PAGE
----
The Federal Government has decided to take the Academic Staff Union of Universities (ASUU) to court over the lingering strike.
Chris Ngige, the Minister of Labour and Employment, disclosed this in an official letter dated September 8 and addressed to the Chief Registrar of the National Industrial Court of Nigeria, Abuja.
In the letter, the minister said that the government took ASUU to court because talks between both parties have collapsed.
Ngige asked the court to give an accelerated hearing to the case in order to bring the issue of the strike to an end.
The letter was titled: “Forwarding of a referral instrument in the trade dispute between federal government/federal ministry of education and the Academic Staff Union of Universities (ASUU)”
It partly read, “In view of the fact that ASUU members have been on strike since February 14 and have refused to call off the action despite the apprehension of same, it would be appreciated if this dispute is given an accelerated hearing in order to bring the dispute to an end.”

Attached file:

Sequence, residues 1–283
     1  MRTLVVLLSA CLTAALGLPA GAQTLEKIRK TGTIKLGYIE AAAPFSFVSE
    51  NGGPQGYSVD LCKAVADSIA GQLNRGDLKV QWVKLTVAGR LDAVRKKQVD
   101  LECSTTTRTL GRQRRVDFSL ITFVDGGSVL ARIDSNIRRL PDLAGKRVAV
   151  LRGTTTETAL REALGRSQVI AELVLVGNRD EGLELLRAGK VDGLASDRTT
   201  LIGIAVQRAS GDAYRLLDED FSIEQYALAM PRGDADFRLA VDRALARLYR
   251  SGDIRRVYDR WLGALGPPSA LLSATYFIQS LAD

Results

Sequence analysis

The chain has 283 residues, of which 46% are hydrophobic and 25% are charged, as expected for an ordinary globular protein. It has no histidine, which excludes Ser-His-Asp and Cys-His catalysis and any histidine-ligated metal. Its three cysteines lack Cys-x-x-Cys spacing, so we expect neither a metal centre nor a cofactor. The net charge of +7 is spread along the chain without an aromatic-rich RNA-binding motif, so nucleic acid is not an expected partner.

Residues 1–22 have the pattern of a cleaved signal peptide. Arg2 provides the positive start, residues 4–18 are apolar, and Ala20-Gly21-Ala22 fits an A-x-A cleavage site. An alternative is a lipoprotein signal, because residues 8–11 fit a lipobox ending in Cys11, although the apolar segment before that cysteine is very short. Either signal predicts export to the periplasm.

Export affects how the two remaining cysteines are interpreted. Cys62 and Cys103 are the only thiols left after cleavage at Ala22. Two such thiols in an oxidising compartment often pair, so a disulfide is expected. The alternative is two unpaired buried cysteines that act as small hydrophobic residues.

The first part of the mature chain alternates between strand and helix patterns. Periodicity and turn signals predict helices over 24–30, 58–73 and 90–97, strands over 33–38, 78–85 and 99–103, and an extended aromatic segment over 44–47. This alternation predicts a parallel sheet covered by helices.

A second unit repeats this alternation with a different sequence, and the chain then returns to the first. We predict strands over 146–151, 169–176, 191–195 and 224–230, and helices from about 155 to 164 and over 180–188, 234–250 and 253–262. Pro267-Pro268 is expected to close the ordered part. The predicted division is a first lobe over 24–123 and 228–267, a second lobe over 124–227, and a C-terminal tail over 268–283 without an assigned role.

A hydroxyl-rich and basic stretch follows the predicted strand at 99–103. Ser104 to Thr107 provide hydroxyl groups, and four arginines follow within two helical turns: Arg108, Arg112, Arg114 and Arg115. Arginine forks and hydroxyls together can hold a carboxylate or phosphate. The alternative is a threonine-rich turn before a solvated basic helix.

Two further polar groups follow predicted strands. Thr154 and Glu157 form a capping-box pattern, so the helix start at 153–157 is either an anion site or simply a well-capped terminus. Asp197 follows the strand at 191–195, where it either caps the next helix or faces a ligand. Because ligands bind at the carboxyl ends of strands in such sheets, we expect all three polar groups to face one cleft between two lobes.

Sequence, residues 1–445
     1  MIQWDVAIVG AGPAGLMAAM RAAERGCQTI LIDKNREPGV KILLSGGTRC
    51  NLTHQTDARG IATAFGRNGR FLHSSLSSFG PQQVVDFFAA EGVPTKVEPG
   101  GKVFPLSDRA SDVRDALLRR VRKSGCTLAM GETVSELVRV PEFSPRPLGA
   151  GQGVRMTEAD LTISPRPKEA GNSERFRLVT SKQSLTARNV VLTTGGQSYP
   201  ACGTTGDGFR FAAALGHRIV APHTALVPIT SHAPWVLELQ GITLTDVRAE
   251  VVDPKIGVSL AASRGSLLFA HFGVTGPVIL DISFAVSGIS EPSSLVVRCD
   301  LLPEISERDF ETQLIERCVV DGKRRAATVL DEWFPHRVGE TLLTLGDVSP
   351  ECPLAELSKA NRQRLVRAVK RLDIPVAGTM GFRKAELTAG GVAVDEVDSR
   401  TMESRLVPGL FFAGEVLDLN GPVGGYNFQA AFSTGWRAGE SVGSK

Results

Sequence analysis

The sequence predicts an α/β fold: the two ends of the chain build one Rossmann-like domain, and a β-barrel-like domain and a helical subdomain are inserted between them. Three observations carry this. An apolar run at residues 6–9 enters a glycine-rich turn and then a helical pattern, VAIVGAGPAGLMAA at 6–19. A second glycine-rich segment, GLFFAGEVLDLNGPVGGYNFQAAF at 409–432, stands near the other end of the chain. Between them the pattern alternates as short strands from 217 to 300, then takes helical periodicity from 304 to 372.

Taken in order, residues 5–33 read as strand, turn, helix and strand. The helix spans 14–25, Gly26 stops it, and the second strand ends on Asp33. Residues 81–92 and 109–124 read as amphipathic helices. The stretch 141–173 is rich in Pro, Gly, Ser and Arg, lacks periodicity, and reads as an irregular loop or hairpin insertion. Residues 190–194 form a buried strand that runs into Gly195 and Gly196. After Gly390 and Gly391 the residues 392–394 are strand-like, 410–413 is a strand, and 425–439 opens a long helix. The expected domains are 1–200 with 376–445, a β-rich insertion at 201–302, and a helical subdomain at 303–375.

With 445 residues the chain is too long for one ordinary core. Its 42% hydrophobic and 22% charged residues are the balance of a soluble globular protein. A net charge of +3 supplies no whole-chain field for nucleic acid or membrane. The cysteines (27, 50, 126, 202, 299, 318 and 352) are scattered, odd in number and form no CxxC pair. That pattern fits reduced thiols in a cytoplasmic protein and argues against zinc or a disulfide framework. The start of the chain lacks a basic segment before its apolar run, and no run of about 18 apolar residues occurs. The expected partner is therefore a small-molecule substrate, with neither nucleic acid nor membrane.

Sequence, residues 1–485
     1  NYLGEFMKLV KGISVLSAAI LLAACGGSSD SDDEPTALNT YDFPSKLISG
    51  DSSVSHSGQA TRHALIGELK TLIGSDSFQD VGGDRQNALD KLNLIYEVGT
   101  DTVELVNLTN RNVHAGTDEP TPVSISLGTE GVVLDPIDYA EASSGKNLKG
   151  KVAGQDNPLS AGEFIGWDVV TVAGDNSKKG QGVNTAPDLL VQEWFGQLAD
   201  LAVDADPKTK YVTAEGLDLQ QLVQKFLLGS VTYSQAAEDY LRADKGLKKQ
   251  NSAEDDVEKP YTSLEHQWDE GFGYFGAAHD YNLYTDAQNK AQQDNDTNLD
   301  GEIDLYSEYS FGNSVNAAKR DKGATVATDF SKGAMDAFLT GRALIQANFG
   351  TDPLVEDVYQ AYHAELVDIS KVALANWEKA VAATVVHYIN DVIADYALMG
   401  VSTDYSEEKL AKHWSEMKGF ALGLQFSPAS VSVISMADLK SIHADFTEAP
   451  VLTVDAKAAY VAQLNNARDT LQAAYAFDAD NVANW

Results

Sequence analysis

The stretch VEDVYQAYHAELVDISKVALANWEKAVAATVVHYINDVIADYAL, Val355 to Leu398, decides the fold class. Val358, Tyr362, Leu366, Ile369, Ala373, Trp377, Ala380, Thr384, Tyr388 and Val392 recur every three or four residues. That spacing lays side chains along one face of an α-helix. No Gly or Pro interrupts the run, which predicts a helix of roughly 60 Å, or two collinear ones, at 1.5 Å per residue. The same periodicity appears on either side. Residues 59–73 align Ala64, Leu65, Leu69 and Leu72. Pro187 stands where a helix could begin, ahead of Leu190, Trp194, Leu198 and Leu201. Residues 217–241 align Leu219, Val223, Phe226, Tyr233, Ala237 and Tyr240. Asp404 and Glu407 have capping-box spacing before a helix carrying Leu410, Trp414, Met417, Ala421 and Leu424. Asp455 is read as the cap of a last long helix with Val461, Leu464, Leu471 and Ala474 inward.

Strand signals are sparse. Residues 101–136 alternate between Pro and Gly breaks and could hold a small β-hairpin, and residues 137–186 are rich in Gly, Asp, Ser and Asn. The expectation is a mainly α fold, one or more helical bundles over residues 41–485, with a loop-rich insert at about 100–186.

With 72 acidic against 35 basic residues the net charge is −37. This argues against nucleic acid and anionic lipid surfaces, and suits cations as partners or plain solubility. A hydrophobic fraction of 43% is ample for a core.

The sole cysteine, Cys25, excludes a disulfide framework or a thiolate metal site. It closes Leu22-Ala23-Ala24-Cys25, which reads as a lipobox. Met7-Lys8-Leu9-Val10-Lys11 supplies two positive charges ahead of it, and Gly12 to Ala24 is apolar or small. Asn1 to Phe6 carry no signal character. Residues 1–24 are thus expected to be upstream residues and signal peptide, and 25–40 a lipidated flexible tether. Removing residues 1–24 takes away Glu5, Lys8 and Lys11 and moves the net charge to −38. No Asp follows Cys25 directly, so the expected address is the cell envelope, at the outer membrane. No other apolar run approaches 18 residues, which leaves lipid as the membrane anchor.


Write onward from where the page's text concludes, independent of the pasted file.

The minister went further to state that his letter was in line with powers vested on him by the trade dispute resolution mechanism and the provision of Section 17 of the Trade Dispute Act. CAP. TB. Laws.
New Pay Rise For Lecturers
It would be recalled that the FG had announced a pay rise for university lecturers, and promised that N150 billion shall be provided for in the 2023 Budget as funds for the revitalisation of federal universities.
The Minister of Education, Adamu Adamu, who made the announcement during a meeting with Pro-Chancellors and Vice Chancellors of Federal Universities last Tuesday, said the government would not sign any other agreement it cannot implement.
Adamu said President Muhammadu Buhari had warned the government’s team involved in the negotiation with ASUU against signing an agreement that the government would not be able to fulfil.
But the minister’s announcement on the pay rise did not go down well with the varsity lecturers as they rejected it.
In an interview, ASUU President, Prof. Emmanuel Osodeke, asked the government to keep its pay rise, insisting that the government must sign what they agreed on during their collective bargain.